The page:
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    “HaChodesh hazeh lachem rosh chodoshim…, this month will be for you the beginning of the months…” (Shemos 12:2)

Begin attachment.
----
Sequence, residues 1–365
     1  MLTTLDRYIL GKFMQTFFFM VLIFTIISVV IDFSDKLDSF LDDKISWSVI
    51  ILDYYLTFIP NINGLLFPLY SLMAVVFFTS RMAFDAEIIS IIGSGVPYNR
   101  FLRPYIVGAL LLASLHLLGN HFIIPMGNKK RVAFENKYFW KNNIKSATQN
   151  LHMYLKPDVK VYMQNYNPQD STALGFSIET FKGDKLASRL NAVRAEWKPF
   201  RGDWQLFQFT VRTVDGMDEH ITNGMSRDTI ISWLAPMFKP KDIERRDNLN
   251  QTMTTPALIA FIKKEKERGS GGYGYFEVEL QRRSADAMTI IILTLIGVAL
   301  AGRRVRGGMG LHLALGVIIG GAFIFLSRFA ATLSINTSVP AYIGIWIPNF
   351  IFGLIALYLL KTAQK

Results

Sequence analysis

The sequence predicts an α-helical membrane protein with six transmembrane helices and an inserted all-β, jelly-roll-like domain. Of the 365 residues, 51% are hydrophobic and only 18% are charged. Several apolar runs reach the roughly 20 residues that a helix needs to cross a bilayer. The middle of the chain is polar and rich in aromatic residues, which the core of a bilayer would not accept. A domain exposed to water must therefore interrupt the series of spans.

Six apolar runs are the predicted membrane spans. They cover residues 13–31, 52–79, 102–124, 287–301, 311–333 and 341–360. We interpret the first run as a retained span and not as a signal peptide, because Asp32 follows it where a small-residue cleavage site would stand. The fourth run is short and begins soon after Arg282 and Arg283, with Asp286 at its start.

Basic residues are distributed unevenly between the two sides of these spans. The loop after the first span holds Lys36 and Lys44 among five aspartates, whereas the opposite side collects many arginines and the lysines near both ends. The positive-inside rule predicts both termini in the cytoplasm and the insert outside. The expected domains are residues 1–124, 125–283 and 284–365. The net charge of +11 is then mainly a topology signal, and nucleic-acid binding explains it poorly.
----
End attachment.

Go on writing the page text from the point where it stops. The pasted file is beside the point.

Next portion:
Bnei Yisroel were about to leave Egypt and embark on a journey that would change the course of their lives forever. As they were about to be freed from a life of slavery and servitude to a new life of liberation and freedom, they were given their first mitzvah.“HaChodesh hazeh… this month is for you…” The gift to sanctify time. The opportunity of new beginnings and fresh starts. A bestowal not only for the Generation of the Exodus, but “lachem” – for you, for us, for all generations.How fortunate we are to have the ability to live each day as the first day of the rest of our lives. Rabbi Eliyahu Kitov, in the Book of Our Heritage, writes that the word lachem in the Hebrew language has the same letters as the word melech – king, implying that the month of Nisan is not merely numerically first in the counting of months, but is in fact the “king” of all months. That the spirit of Nisan should be imbued within us throughout the year.Lachem… for you. HaShem, with His infinite kindness granted us the gift of time. How we spend our days, what we do with our time, it’s all up to us. Lachem, for you. We can be the melech, the king of our time. We can take control over our daily routine. Rabbi Kitov shares a Yalkut Shimoni, quoting Rabi Yehoshua ben Levi who compares HaShem’s designation of Chodesh Nisan to a king who had a personal timepiece. When his son reached maturity, the king gifted him the timepiece. Similarly, HaShem was delivering an important message to the Jewish people. “Until now, the counting of the months and the years was in My hands. From now on, it is entrusted to you.” I think back about how upset my mother a”h would get when she heard people say “I’ll kill some time.” “What do you mean ‘kill some time’ ” my mother would say. “Every day is a gift, every minute a present. Use it all wisely, for it never comes back.”The Hebrew word for months is chodesh, closely related to the word chadash – meaning new. Each month is a chance for renewal, an opportunity for new beginnings.HaChodesh hazeh, this month. Rashi tells us that HaShem actually showed Moshe the moon at its time of renewal, saying “When the moon renews itself, it will be the beginning of a new month for you.” With a deeper understanding, HaShem was portraying to Moshe the eternal story of the Jewish people. Rav Mattisyahu Salamon, the Mashgiach of the Lakewood Yeshiva, would impart words of inspiration to his talmidim. One year, on Tisha B’Av, he told of a Holocaust survivor who was asked how he was able to survive five long, difficult years in the Nazi concentration camps. The elderly man responded that it was virtually impossible to observe most mitzvos. There was no Shabbos or Yom Tov, since every day was another day of forced labor. But the one mitzvah that he was able to observe was Kiddush Levanah, sanctifying the new moon. He would go outside at night, and look at the sky above. Night after night, he would watch the moon as it waxed and waned. The survivor spoke of the joy of spotting a sliver of silver in the sky, a small crescent that would illuminate the heaven, messaging to him that it was time to recite Kiddush Levanah. “V’lalevanah amar, shetischadeish, To the moon He said, that it should renew itself, as a crown of splendor…. For those who are destined to renew themselves just like it…” (Kiddush Levanah)A little moon that would grow bit by bit, till it became a full circle, a beautiful round moon. It would then temporarily be hidden from sight, only to renew itself and start the cycle once again.The moon was the survivor’s inspiration during that very dark period. He looked up to it and he saw his story, the story of the Jewish nation. A people who despite experiencing painful and difficult times, are able to renew themselves and continue on. Even starting over when necessary. It is the story of nation who survived slavery, wars, the Inquisition, pogroms, the Holocaust, terrorism, and endless anti-Semitism. A people who live the message of the moon and are able to renew themselves.To be a Jew. To look at the heavens above for inspiration.This month shall be lachem – for you.This Shabbos is referred to as Shabbos HaChodesh. We welcome the month of Nisan and read a special maftir, telling us of Bnei Yisroel’s first mitzvah. We are blessed to have two firsts in the Jewish calendar. In Tishrei, we celebrate Rosh HaShanah, which marks another year since the creation of the world. The month of Nisan, is the rosh chodoshim, the first of the months – we begin counting months from Nisan. The Lubavitcher Rebbe tells us that the Torah regards Nisan as the first of the months for the message of Nisan should carry through for all months of the year. Nisan means miracles. A Jew must always remember that all events in our lives are orchestrated from Above in a manner that transcends nature. The spirit of Nisan should continue with us all year long. Every month, we should look for the miracles of life – both big and small, revealed and hidden. To appreciate and internalize the words we say in the Modim prayer “V’al nisechah sheh’b’chol yom imanu, and for the miracles that are with us each and every day.”This Shabbos, as we bless and welcome the new month of Nisan, may the message of the moon, the levanah, be with us, and be a source of inspiration for all twelve months of the year.